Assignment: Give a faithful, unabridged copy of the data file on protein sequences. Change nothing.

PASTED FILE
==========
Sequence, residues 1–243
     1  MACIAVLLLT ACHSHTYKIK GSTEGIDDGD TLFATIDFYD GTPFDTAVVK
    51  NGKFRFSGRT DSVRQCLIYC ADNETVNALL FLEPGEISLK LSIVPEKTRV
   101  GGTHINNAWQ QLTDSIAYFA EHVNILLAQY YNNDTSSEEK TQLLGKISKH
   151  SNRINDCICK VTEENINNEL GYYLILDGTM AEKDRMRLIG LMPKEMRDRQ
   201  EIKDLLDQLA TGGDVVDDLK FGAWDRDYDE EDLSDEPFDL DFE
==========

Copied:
Sequence, residues 1–243
     1  MACIAVLLLT ACHSHTYKIK GSTEGIDDGD TLFATIDFYD GTPFDTAVVK
    51  NGKFRFSGRT DSVRQCLIYC ADNETVNALL FLEPGEISLK LSIVPEKTRV
   101  GGTHINNAWQ QLTDSIAYFA EHVNILLAQY YNNDTSSEEK TQLLGKISKH
   151  SNRINDCICK VTEENINNEL GYYLILDGTM AEKDRMRLIG LMPKEMRDRQ
   201  EIKDLLDQLA TGGDVVDDLK FGAWDRDYDE EDLSDEPFDL DFE